Trump says America's 'inner cities' are a disaster -- here's proof they're not

Donald trump rally October 2016Jessica Kourkounis/Getty ImagesRepublican presidential nominee Donald Trump holds a campaign rally on October 10, 2016 in Wilkes-Barre, Pennsylvania.

During Sunday night’s presidential debate, Republican Donald Trump called the “inner cities” of the US a “disaster.”

“It’s devastating what’s happening to our inner cities,” said Trump, continuing a theme of urban decay that he has presented at campaign rallies for months.

“You go into the inner cities and you see there’s 45% poverty … in the inner cities,” he said. “The education is a disaster. Jobs are essentially nonexistent. I’ve been saying that [in] big speeches … what do you have to lose? It can’t get any worse.”

Economists at the real-estate analysis firm Redfin found, contrary to Trump’s alarming message on the destruction of America’s urban landscapes, that the inner cities of the largest metro areas in the country have actually been booming economically based on real-estate prices.

“Donald Trump mentioned ‘inner cities’ 10 times in last night’s second presidential debate, using words like ‘disaster’ and ‘devastating’ to describe them,” wrote Nela Richardson, the chief economist at Redfin. “When neighbourhoods decay, home prices decrease. However, a look at home prices in the ‘inner cities’ of most major US metro areas shows that the opposite is happening.”

Put another way, if inner cities are crime-ridden disaster zones, no one would want to live there, and home prices compared to the suburbs would be lagging. Richardson said the opposite is true of home prices in urban centres compared with the outlying metro areas.

“Instead of falling, the median price per square foot of homes sold in the inner cities of 31 major metro areas has jumped 52% over the last six years, outpacing price growth in the surrounding metro areas by 18 percentage points,” the Redfin economist said in the blog post Monday.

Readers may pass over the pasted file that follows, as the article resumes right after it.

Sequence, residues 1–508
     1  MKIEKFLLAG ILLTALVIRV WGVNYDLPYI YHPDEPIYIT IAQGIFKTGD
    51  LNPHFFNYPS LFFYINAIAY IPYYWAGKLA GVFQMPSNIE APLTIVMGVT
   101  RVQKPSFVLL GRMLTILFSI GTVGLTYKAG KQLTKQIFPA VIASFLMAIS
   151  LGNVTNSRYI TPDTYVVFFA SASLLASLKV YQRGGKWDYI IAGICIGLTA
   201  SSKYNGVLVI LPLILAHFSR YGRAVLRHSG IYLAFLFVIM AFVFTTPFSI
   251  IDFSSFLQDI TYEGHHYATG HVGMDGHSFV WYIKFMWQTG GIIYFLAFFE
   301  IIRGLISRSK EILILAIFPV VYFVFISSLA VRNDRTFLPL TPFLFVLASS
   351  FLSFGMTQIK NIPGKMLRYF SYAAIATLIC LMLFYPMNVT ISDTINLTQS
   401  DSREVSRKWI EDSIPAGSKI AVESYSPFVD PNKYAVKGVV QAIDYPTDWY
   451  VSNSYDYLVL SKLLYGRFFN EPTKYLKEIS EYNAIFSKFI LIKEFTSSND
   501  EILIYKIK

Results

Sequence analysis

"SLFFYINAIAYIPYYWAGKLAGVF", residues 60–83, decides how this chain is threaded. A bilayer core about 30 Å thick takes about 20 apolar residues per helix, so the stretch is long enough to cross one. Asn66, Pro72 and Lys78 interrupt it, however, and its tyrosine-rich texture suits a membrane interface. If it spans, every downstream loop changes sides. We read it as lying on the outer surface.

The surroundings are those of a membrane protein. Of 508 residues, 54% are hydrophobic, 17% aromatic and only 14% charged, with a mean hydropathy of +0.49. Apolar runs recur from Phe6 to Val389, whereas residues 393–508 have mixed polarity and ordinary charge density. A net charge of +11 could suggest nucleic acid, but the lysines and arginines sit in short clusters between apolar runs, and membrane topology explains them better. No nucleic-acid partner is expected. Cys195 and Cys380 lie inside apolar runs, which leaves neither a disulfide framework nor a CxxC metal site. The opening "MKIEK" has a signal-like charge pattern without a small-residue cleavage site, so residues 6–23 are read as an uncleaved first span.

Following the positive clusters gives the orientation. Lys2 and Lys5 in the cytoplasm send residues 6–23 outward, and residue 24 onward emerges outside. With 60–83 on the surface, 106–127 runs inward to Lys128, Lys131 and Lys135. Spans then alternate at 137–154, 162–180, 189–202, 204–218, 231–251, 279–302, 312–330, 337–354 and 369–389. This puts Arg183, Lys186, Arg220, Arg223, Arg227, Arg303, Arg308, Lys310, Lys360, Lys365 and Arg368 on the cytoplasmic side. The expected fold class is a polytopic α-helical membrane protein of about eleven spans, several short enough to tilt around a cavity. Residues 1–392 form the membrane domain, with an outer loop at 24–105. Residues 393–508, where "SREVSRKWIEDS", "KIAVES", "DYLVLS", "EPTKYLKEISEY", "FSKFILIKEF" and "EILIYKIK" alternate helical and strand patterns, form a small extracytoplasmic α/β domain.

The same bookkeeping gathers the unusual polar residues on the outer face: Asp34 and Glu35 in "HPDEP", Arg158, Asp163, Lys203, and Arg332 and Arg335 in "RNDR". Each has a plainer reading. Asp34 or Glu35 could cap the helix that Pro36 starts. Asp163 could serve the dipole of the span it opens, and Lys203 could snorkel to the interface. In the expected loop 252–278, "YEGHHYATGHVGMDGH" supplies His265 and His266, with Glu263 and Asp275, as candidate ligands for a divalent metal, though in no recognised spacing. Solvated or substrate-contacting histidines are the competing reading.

This analysis is bolstered by national crime statistics, which show that violent crimes in major cities have been tumbling since the early 1990s.

Additionally, none of the 20 largest metro areas in the US has a poverty rate above 40%, contrary to Trump’s claims, and the African-American poverty rate sits at 25.8%, which is high but under Trump’s claim of 45%. Finally, unemployment was down in 242 of the largest 387 metro areas in the US as of August 2016 compared to the year before.

Richardson said combining the decrease in crime with the “economic and cultural Renaissance” that many downtown areas have undergone has made these places a desirable spot to live.

The notable exception is Chicago, which Trump has used to exemplify his case of urban decay and is one of only three metro areas that have seen inner-city home prices lag the surrounding metro area — in addition to Miami and Houston.

Overall, however, Richardson said the real-estate market points to strong, growing inner cities in America rather than the “disaster” trump describes.

“That’s not to say that people aren’t struggling, but Donald’s Trump’s picture of the urban core doesn’t match the real estate market, and he more than anyone should know that when it comes to house prices, it’s all about location,” Richardson concluded.

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